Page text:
We Have A Place For Ugly Birds   16 comments

Turkey Vultures March 2013

Turkey Vultures March 2013

Turkey Vultures March 2013

Turkey Vultures March 2013

Turkey Vultures March 2013

Turkey Vultures March 2013Turkey Vultures — Images by kenne

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Art from Mary A Livingston’s book, “No Place for Ugly Birds”

We Have A Place For Ugly Birds

During our first fall in Tanuri Ridge (three years ago), I noticed large birds circling above
landing near the Tanque Verde wash to the south of us. Not knowing much about birds,
but my association with naturalist friends has resulted in a mark improvement,
I thought the birds were hawks — even writing a poem (Hawks Circle) and posting it on this blog.

Since then, I have learned more about these beautiful birds
(ugly is beautiful — in the eye of the beholder, you know),
having spent time counting and photographing the birds along the Tanque Verde wash.

However, when it comes to observing and keeping a record of the fall and spring migrations,
I bow to the official Tanuri Ridge turkey vulture counter, Larry Conyers.
He tries to get a count each morning and late afternoon,
and I fill in for him when business takes him away.

The vulture count only takes in the  Tanuri Ridge property along the Tanque Verde wash.
There are hundreds more in the Tucson Country Club
(another place for ugly birds) on the south side of the wash from us,
which is why most of our street names begin with “Country Club Vista.”

Hundreds of vultures pass through our part of the Catalina foothills each spring and fall.
Maybe Larry and I need to start having our own “ugly bird” festival next fall, at first for Tanuri Ridge residents,
later opening it to birder friends — who knows!

Yes, we are a place for ugly birds — Tanuri Ridge!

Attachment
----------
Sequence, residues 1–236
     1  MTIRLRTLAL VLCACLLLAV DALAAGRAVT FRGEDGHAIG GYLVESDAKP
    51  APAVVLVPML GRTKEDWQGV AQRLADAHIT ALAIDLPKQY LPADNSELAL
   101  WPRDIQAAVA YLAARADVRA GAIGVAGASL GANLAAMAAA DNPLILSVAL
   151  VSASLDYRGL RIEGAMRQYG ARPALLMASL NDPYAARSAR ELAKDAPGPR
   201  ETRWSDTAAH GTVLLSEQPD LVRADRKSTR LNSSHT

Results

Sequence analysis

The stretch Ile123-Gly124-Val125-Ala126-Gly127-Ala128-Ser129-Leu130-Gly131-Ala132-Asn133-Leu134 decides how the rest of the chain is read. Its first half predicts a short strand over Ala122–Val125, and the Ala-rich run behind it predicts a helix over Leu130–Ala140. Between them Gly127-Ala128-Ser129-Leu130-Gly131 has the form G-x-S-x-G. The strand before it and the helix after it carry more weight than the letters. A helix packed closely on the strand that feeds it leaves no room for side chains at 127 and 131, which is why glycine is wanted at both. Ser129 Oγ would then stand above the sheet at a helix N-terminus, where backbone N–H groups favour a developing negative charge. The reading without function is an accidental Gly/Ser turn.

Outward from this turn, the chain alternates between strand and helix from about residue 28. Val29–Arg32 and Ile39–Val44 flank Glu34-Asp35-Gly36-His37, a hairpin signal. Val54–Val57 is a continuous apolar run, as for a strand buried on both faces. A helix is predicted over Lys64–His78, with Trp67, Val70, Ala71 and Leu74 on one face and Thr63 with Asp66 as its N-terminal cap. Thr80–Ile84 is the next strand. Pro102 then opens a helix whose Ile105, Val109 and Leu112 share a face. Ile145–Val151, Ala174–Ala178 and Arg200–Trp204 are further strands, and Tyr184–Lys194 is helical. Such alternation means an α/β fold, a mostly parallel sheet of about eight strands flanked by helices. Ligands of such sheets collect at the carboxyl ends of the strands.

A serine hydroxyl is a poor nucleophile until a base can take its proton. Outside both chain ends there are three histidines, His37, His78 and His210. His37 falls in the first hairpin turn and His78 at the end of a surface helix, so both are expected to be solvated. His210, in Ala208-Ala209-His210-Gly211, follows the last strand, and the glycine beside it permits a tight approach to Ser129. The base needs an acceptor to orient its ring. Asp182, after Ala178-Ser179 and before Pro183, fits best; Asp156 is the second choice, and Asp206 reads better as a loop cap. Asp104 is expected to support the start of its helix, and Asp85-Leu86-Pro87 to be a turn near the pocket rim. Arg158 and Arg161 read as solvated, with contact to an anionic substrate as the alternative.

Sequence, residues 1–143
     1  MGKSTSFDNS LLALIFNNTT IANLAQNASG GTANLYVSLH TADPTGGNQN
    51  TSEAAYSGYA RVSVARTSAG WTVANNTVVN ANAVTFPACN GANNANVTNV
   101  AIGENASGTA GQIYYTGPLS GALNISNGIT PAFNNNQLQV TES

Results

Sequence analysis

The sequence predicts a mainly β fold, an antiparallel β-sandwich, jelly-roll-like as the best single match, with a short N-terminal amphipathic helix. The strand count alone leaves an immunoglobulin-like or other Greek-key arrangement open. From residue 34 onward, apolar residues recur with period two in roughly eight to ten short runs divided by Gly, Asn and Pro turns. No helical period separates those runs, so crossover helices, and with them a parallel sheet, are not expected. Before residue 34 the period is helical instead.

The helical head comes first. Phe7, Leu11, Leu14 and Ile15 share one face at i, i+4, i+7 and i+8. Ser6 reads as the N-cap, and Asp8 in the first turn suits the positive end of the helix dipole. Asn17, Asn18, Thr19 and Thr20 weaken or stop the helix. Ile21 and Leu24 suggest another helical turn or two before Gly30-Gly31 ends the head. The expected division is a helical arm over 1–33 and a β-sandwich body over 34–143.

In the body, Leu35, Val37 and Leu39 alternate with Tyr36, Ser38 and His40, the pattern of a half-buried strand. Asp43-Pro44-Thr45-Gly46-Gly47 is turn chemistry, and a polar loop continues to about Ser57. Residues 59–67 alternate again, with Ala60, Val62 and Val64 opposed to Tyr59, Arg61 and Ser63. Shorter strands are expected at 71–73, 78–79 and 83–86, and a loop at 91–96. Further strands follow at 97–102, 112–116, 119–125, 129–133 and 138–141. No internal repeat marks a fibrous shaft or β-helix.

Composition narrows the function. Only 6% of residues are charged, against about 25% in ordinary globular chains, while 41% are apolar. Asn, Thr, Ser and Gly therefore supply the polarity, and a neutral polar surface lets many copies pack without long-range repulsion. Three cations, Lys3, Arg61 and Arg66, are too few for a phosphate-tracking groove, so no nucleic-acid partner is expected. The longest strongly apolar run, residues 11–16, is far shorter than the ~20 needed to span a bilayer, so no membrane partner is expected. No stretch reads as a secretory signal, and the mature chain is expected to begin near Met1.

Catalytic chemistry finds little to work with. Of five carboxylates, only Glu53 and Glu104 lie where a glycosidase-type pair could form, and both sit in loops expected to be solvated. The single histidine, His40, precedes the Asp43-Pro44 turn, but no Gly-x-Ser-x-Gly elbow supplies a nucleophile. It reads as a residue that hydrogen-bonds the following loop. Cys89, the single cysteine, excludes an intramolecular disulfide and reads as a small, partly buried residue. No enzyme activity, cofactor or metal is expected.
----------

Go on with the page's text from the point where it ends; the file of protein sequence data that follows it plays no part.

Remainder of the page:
UGLY BIRDS ARE WELCOME!

kenne

16 responses to “We Have A Place For Ugly Birds

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  1. Early settlers also thought Turkey Vultures were hawks. They even called them buzzards, a name for old world hawks. The nickname “buzzard” is still used by some today, even though turkey vultures are not true buzzards.
    Outstanding shots, love the roost!
    – Mary

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  2. These are good pictures.
    Wasn’t till I came onto WordPress I seen the beauty that can be seen in pictures.
    Love these

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    prayingforoneday
  3. Reblogged this on tanuri.

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  4. Lovely beautiful photo’s! We have buizerds here, maybe buzzards in English, they are not very big, like hawks. They live on mice and such. They keep hangng in the sky and “pray” until they find a prey.

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    • My understanding is that there is a difference between what are called old-world (buzzards) and new-world buzzards (vultures). Regardless, a lot of people here call them buzzards. The ones here are much bigger than hawks. Thanks for commenting on the posting.

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  5. I think your photos made these birds look very graceful.

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  6. Please accept this award
    http://prayingforoneday.wordpress.com/2013/03/28/the-liebster-award/
    Deserved, for you
    Shaun

    Like

    prayingforoneday
  7. Pingback: Our Visitors Are Still Coming Through Tucson | Becoming is Superior to Being

  8. Reblogged this on Becoming is Superior to Being and commented:

    The turkey vultures like to overnight alone the Tanque Verde and Pantano Washes in Tucson. The other day we counted in the range of 250 arriving. — kenne

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  9. Great; thanks for the photos and report, kenne. These birds have an important role in the ecosystem.

    Liked by 1 person

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